Rhodey eventually shows up, and the two inevitably come to clash. To be fair, though, Rhodey broke American Eagle’s bike and use it’s components to make his suit of armor better. That’s kind of a slap in the face, isn’t it?

There’s a pretty clever reveal at the end, but I won’t spoil it to you. I was pretty surprised when I read it, and while it might seem cheap, it’s pretty smart.

Throughout the whole comic, we get flashbacks from Rhodey’s childhood, and we learn that he was quite the obstinate child. Sure, he had good intentions, but stubborn as all heck. Even stupid, some would say.

I’m not sure who did the artwork here. The cover says “Jefferson”, which after looking it up is supposed to be Allan Jefferson, but the information inside the cover says Leonardo Manco. I can’t say I’m very familiar with either artist’ work, so I’m not certain. Anyone know for sure?

That's it for this week's column! Any ideas, tips, or advice are welcome. Remember that you can always read the comics in the ComiXology web reader (with the exception of the Marvel ones). We always try to improve our content based on your suggestions, and with a new column, it's good to hear back from the readers. So, comment away!

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Eric Rupe said...

Since Celadore was a Zuda comic they were not exactly written in mind with being serialized as single issues later on so I doubt many of them are written to be broken into convenient 20-odd page chunks.

If you liked Celadore enough DC did put out a trade of it and the creator does a webcomic that updates about three times a week.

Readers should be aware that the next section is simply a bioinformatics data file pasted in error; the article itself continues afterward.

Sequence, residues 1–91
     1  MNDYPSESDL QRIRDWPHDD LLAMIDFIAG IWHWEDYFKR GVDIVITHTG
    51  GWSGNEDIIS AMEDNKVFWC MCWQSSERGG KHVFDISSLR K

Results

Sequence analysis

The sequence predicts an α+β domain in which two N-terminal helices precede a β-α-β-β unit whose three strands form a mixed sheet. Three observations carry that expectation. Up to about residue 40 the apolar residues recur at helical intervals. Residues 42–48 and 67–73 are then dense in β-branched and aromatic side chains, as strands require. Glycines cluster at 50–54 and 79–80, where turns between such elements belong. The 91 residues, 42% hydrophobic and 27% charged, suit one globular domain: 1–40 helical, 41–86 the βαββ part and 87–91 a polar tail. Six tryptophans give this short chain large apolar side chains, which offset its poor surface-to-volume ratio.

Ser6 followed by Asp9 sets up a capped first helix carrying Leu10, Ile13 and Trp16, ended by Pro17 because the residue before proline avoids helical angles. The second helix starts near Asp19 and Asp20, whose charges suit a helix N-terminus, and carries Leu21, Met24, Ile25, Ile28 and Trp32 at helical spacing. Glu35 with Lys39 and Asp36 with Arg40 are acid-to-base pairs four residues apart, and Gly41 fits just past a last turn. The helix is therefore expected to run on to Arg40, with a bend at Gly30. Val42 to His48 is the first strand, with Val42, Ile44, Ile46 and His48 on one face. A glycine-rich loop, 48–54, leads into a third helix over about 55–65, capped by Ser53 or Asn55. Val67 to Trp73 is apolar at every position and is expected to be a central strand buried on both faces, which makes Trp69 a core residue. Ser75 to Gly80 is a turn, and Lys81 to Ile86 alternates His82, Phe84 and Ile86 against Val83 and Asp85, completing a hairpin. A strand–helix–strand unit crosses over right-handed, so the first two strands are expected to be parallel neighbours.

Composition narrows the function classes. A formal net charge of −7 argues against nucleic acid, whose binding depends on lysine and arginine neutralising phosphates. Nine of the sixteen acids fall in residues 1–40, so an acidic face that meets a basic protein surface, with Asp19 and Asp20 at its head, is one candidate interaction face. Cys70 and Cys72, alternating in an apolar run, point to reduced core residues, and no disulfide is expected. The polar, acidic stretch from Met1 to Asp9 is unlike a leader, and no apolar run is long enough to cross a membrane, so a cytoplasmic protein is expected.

caanantheartboy said...

Hey, thanks for the review on Celadore! The full three chapters are available as a book (180 pages) and originally it was written for 60 screens at a time. There was never meant to be a break at page 20, that's just how it all shakes out on Comixology, so that explains the weird non-ending. I assure you it has an ending! ;o)

Thanks again!

caanantheartboy said...

Hey, Eric beat me to it! Ha!

Thanks for the plug, Eric!

Anonymous said...

I'm afraid your "voto a Dios" remark was a bit off. That expression does exist in Spanish and it doesn't mean "I vote for God". It's true that "I vote for God" would be translated as "voto a Dios", but words have more than one meaning, and "voto a Dios" is an old fashioned phrase that could be roughly translated as "I appeal to God", and it was used to emphasize what one is saying or to express astonishment. It's not an expression you'll hear nowadays, though. It's the kind of thing you would expect someone from the XVIII century to say.

Matt Duarte said...

Thanks for the information all around.

@Eric/Caanan: That certainly explains it.

@Anon: I can't say that I'm familiar with the expression, but if you saw the rest of the Spanish in this issue, it's probably more likely than it was an error. Only Roy Thomas would know for sure, hehe.